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Add To Calendar 28/04/2016 16:00:0028/04/2016 16:20:00America/ChicagoAsian-Pacific Aquaculture 2016IMPROVING THE WELL-BEING OF MUDCRAB WOMEN CULTURIST IN SOUTHWEST BANGLADESH THROUGH VALUE CHAIN ANALYSIS   Diamond 2The World Aquaculture Societyjohnc@was.orgfalseanrl65yqlzh3g1q0dme13067DD/MM/YYYY


Wilfred Jamandre* Upton Hatch,Sattyananda Biswas, Emilia Quinitio, Md. Abdul Wahab, Sadika Haque Russell Borski
Department of Agricultural Management, Central Luzon State University, Muñoz, Nueva Ecija, Philippines

This study had analysed the value chain of mud crab in Southwest Bangladesh and identified areas to improve the livelihood opportunities of women crab culturists in these region. Tracer methodology was employed to map the existing value chain of mudcrab spanning three districts, namely Khulna, Satkhira and Bagerhat. A total of 156 respondents were interviewed composed of 6 crab collectors; 45 mudcrab culturists; 6 assemblers (3 in local/district-based depots and 3 in national or Dhaka-based depots), 3 soft-shelled crab processors and exporters of live crabs in Dhaka; 1 exporter association (with 86 active members) in Dhaka and 10 consumers. Combinations of individual and panel interviews as well as focus group discussions were employed to gather data and information. Secondary data were used extensively to establish a good understanding of the mudcrab industry. These include data on volume and value of production, yield, prices and other market information, among others. Finally, key informants from relevant agencies such as the Bangladesh Ministry of Fisheries and Livestock, Department of Forestry, among others were also interviewed.

The mudcrab industry in Bangladesh had become an important source of income and employment of the fishery sector of the country. Export value of live crabs is now ranked 9th and the 3rd fastest growing fishery product in the country. The major destination of live crabs is the export markets whose demand is growing overtime (include China, Singapore, Malaysia, etc.). But domestic demand is limited to the non-Muslim consumers and foreign tourists. Consumption of crab is not yet accepted by the majority of Bangladeshi albeit not forbidden by their faith.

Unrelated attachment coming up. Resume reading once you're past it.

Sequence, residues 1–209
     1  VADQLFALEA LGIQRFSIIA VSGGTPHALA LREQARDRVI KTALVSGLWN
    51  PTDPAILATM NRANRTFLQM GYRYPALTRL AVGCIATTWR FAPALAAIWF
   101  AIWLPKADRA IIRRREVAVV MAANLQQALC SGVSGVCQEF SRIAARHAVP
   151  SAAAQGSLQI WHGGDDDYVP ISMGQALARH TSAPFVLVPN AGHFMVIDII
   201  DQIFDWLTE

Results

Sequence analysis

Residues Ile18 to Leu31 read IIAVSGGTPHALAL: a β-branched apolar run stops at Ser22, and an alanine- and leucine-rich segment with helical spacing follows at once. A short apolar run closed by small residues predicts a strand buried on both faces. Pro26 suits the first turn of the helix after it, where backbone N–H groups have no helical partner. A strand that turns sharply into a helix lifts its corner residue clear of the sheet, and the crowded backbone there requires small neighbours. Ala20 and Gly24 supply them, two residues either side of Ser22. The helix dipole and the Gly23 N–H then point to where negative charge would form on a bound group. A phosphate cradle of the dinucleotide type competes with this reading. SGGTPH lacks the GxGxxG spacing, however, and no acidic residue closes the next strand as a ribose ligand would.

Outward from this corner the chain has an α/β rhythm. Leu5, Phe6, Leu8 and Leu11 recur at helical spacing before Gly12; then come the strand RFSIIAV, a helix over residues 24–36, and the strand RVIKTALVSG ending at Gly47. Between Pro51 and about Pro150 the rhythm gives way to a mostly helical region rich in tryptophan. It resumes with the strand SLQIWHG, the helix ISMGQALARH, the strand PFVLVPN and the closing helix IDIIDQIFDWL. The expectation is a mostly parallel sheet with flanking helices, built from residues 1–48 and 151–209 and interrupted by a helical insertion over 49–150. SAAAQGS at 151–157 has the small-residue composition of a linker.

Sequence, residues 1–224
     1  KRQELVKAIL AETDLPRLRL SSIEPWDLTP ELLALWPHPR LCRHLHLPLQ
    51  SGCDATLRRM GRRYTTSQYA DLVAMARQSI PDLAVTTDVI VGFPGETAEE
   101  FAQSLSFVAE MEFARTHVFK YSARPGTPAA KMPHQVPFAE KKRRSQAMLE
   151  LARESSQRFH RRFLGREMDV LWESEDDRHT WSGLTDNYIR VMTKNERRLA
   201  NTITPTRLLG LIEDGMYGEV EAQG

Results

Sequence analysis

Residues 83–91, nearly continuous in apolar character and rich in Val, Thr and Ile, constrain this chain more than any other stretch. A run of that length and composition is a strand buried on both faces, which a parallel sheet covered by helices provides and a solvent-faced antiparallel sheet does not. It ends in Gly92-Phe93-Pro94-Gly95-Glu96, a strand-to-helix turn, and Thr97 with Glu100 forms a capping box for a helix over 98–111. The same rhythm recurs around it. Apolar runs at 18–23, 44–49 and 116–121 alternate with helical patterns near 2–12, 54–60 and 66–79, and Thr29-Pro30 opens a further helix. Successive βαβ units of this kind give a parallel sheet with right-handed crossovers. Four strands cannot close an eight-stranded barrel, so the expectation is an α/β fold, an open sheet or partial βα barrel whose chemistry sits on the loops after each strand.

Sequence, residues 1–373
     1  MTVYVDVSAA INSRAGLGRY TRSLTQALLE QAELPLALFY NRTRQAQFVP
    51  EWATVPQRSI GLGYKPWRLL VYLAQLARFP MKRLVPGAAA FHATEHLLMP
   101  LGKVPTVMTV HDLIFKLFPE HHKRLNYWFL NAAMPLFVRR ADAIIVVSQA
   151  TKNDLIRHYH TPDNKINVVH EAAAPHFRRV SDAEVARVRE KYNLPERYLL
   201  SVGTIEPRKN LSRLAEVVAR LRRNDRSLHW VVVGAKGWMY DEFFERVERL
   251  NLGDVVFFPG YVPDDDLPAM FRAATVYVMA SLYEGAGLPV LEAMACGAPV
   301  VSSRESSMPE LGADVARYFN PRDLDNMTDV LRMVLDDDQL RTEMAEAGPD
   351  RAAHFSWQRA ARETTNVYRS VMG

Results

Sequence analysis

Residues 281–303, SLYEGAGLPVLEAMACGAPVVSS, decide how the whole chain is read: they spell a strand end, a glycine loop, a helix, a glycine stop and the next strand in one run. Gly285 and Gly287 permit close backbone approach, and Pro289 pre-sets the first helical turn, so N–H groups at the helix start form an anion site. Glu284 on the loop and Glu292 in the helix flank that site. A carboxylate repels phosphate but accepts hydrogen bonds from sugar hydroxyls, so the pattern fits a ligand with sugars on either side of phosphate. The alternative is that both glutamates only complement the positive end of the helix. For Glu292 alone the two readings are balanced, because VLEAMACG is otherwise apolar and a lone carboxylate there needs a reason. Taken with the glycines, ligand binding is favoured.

Marketable live crabs are collected in the wild but "exploitation" made the volume of catch and consistency of crabs' quality become unsustainable. Hence, crab culture and fattening is recently emerging polyculture fishery product in the country.

The crab's value chain is composed of crab collectors, crab growers/culturists/fatteners, assembler-agents at local, district and national depots, exporter-processors and end users. The occasional participation of retailers and institutional buyers in the value chain made them insignificant players.

The schedule of volume, prices and product requirements (grade, size, sex, gonad and claw conditions) are provided by the exporters through the assembler-agents. Regular export schedule is done thrice a week. To meet any volume or "quota" requirements, assembler-agents extend credit (dadon) or advanced payments to crab collectors and crab growers as procurement strategy. Almost all other transactions are settled in cash. In terms of profit shares across players in the value chain, the exporters-processors have the lion share with 57%. The assemblers in district and crab collectors followed next with respective 19% and 16%.profit shares while the local assembler and crab growers have the lowest profit shares of 4.4% and 2.4%, respectively.

Due to poor road, transportation and packaging practices, high incidence (20%) of in-transit mortality and rejects was experienced. To recoup from these losses, exporters began processing crab meats for the export markets. Other  major logistical issues and concerns that hamper the overall efficiency and sustainability of the value chain, include: (a) natural sources of crabseeds are becoming unsustainable; (b) poor grow out and feeding technologies in mudcrab culture; (c) poor road conditions, packaging and handling practices; (d) limited working capital; and (e) poor processing technology.  

Additionally, the external influences that are harmful to the value chain include (a) frequent floods due to heavy rains; (b) poor water quality, and (c) the lack of government efforts of stimulating domestic demand for crabs.

To address the above issues and concerns, the following measures are recommended: (a) establish crab hatcheries, (b) Improve cultural and value adding technologies via techno transfer and credit programs, (c) Improve product packaging and handling systems, and (d) provide efficient marketing and promotion programs.

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